Jersey. ONE Bus operates local passenger bus routes in Orange,
Newark, and Elizabeth, New Jersey. ONE Bus operates only in New
Jersey. ONE Bus transports passengers to train stations and
other bus companies' routes, which provide service outside of
New Jersey to points in New York, Pennsylvania, Washington,
D.C., and New England. ONE Bus has not paid Plaintiff bus
drivers over-time, at a rate not less than one and one-half the
regular rate at which they were employed, for time worked in
excess of forty hours in a week.
ONE Bus holds a common carrier certificate, No. MC-2062227-C,
issued by the Interstate Commerce Commission ("ICC"), which it
has held since March 7, 1988.*fn1
The certificate was revoked on April 2, 1997 and was not
reinstated until August 20, 1998. ONE Bus asserts that this was
the result of a clerical error by an insurance broker, and not
an indication of a lack of ICC jurisdiction. Moreover, ONE Bus
claims that the company continued to follow all pertinent United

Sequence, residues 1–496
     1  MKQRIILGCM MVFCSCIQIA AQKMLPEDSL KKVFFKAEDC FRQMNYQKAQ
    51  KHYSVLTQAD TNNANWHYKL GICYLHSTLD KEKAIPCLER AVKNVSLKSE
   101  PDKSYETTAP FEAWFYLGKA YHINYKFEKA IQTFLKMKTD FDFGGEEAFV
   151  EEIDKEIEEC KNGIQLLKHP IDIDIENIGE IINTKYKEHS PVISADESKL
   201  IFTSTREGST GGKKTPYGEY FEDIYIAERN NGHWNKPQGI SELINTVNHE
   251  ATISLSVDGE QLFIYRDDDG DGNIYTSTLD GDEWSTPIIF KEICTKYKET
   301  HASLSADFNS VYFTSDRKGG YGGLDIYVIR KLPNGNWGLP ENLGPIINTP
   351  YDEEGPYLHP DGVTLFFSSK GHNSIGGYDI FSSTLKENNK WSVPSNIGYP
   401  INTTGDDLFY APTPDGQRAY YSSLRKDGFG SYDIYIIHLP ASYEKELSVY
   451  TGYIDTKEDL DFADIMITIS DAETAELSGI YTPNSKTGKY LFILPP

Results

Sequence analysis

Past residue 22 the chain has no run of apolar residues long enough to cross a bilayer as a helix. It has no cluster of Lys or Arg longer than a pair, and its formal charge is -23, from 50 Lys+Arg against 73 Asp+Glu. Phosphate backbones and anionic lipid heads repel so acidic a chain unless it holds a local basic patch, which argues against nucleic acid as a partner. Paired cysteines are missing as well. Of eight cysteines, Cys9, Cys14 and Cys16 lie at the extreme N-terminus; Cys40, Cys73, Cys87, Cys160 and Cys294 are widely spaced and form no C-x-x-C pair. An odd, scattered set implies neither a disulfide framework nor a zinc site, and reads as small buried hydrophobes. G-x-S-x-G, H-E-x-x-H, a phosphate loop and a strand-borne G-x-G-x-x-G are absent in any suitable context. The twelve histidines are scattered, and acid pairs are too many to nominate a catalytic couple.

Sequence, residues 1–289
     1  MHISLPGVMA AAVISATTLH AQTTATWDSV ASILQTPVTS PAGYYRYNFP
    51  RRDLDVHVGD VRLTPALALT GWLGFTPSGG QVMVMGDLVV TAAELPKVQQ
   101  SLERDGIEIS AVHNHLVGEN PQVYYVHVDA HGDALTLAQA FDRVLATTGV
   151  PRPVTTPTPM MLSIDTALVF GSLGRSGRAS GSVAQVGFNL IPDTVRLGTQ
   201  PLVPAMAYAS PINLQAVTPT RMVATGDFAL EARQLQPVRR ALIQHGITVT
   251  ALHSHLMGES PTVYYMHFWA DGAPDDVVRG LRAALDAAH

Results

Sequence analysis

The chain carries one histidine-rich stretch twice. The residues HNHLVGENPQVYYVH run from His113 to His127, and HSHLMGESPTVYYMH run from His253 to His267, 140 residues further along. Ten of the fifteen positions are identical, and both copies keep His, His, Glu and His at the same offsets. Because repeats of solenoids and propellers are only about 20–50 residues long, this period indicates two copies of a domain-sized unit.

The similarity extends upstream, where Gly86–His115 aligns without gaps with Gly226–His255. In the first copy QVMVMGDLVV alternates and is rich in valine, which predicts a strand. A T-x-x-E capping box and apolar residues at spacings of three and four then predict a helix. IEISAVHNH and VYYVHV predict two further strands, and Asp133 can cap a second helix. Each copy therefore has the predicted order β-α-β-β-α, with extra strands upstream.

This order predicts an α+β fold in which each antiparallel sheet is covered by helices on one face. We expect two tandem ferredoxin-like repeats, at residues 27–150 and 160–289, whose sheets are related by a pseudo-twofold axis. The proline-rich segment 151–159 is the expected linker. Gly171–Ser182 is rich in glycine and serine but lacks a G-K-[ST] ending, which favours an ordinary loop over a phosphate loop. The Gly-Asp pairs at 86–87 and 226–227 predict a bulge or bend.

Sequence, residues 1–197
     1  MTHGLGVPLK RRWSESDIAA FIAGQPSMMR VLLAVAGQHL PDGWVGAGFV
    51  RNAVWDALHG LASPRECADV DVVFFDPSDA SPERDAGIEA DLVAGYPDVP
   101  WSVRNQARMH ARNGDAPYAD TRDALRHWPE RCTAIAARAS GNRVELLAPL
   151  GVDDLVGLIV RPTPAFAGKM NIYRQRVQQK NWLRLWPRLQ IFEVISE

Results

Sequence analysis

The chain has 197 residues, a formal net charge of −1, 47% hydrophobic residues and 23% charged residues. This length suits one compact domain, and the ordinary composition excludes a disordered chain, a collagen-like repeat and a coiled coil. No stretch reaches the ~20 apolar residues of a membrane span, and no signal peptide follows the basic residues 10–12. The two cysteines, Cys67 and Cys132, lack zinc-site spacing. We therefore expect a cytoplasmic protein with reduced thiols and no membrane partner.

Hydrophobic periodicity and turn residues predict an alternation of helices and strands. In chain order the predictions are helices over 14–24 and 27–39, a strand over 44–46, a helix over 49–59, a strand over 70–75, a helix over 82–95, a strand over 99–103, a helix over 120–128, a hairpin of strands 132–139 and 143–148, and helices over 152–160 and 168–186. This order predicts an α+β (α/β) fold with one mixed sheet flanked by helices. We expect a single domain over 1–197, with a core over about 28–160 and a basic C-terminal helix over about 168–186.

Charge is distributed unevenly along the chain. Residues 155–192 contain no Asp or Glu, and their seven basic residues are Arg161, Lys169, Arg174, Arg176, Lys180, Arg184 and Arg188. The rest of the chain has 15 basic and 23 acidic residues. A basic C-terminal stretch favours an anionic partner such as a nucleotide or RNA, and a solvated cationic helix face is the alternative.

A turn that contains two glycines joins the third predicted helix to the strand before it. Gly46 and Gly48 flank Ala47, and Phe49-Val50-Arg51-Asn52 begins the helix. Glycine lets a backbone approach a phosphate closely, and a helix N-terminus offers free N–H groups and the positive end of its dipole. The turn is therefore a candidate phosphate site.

States Department of Transportation ("DOT") regulations even
during the revocation period. In support of this contention, ONE
Bus points out that all ONE Bus drivers receive a copy of the
Federal Motor Carrier Safety Regulations and sign an
acknowledgment of receipt. Drivers must submit an application
for employment, meet driver's license requirements, submit motor
vehicle reports, conduct road tests, receive annual driving
history reviews, submit to physical exams and controlled
substance and alcohol tests, and follow other regulations
imposed by the Federal Motor Carrier Safety Act ("MCSA").*fn2
Since 1987, ONE Bus has participated in the New Jersey Transit
Bus Card Program, which includes the Interstate Bus Pass system.
This is a ticketing arrangement by which individuals boarding
ONE Bus company buses may use the same bus pass for a ride on
another carriers' interstate bus traveling to New York. ONE Bus
also participates in the New Jersey Transit "Feeder Fare"
program, where New Jersey Transit passes may be used for both
interstate rail transportation and a discounted fare on ONE Bus.